Get Protected With the Right Cybersecurity Talent

Here is a sobering stat: “According to Cybersecurity Ventures, the cost of cybercrime is predicted to hit $8 trillion in 2023 and will grow to $10.5 trillion by 2025.”

If that’s not enough to stop everyone in their tracks, the fact that most organizations feel that they lack the right cybersecurity talent to protect their interests is doubly concerning. In fact, in a “research report published by TechTarget’s ESG division and International Systems Security Association (ISSA), 57% of 489 surveyed ISSA members said their organizations have been affected by the shortage of skilled cybersecurity professionals.”

Further, 44% are saying it is getting worse. With cyberattacks reaching upwards of 8 trillion dollars in damages to company enterprises, we are in a cybersecurity crisis. Finding the right cybersecurity talent is at threat-level red, but what should we be looking for?

Who Comprises the “Right” Cybersecurity Team?

According to Steve Zurier (TechTarget), there are essential skills that companies should look for that incorporate both specialized technical skills coupled with business acumen and those “soft skills” that have become ever so important in technical roles today.

Of the skills he noted, the IT security skills that rise to the top include:

  • Application Security Development
  • Cloud Security
  • Analysis, auditing, and testing skills
  • Creativity and effective communication skills

“Application Security Development” skills— otherwise known as the DevSecOps teams— are particularly notable relative to security concerns since that is not inherently a “cybersecurity” role. Yet, experts with DevSecOps skills are critical in implementing secure practices across an organization, for example within its software development initiatives.

This is important because the increased adoption of open-source codes in software development poses significant threats to security. In fact, CSO reports: “At a time when almost all software contains open source code, at least one known open source vulnerability was detected in 84% of all commercial and proprietary code bases examined by researchers at application security company Synopsys.”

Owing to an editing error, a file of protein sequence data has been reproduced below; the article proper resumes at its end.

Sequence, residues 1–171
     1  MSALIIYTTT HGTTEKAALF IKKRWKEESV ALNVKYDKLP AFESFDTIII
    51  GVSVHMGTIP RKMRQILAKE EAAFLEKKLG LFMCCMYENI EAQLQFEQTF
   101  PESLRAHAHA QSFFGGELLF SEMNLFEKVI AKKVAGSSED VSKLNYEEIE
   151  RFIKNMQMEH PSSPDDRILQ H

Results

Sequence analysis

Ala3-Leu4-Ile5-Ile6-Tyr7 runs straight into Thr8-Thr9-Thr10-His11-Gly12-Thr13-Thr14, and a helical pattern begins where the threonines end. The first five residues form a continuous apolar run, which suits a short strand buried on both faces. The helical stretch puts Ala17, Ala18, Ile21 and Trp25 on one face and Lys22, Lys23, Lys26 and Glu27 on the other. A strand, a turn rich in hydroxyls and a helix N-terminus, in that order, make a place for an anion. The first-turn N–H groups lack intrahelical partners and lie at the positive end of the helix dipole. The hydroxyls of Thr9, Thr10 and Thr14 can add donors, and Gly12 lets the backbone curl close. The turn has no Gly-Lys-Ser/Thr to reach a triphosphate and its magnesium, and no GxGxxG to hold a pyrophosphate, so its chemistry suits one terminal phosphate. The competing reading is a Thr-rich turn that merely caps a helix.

From this increased threat we also learned that much of the vulnerable software are lacking the necessary patches that should be applied to fix said issues. However, as CSO also noted, software developers are often so bogged down with the next project that maintaining existing software takes a back-seat. Companies, however, can reevaluate their resources and tech team structures to bring in extra layers of help from developers that will prioritize software monitoring and maintenance.

AI Once Again Emerges as an Imminent Cybersecurity Skill

It begs the question, however, are AI tools a help or a hindrance to cyber protection?

It depends on who you ask. Some professionals feel that the speed and scope of an AI learning module might be able to more quickly identify vulnerabilities because of access to data, thus being able to propose solutions sooner to thwart threats. On the other hand, the smarter the AI systems become by gathering sensitive and proprietary data from any given company, the more risk there could be for potential compromise. If a hacker gets a hold of AI learnings all wrapped up in a neat present, the hard work was already done for them. It reinforces the need for security oversight of the AI cybersecurity tool, another important skill demand for top cybersecurity talent.

Evaluate Varying Skillsets To Build a Cybersecurity Force

There are plenty of resources available that help define the dream team of cybersecurity specialists. A cybersecurity division org chart will often be led by a Chief Information Security Officer (CISO), supported by a capable team of important IT professionals like Cybersecurity Analysts and Architects, Penetration Testers, Security Auditors as well as Security Trainers responsible for generating awareness and policy compliance amongst an entire employee body.

In the face of a perpetual talent cybersecurity skills shortage, however, hiring managers can expand the scope of their search for IT professionals that have acquired foundational skills that easily cross over to a cybersecurity role. The aforementioned software engineer/developer is a great example of pivoting to a role in a cybersecurity division. Likewise, experts note that Data Analysts and IT Support Specialists have transferrable skills in research, analysis, critical thinking, and problem-solving that can support cybersecurity management in various ways.

Work With a Trusted IT Staffing Expert
To Help Plan Your Cybersecurity Team

With access to a large talent pool of IT professionals that possess both the tech knowledge and business skills organizations are looking for, Prosum staffing and recruiting experts can help assess your cybersecurity talent needs and find the team that will ensure your organization’s protection from rising threats in the industry. Request cybersecurity talent today.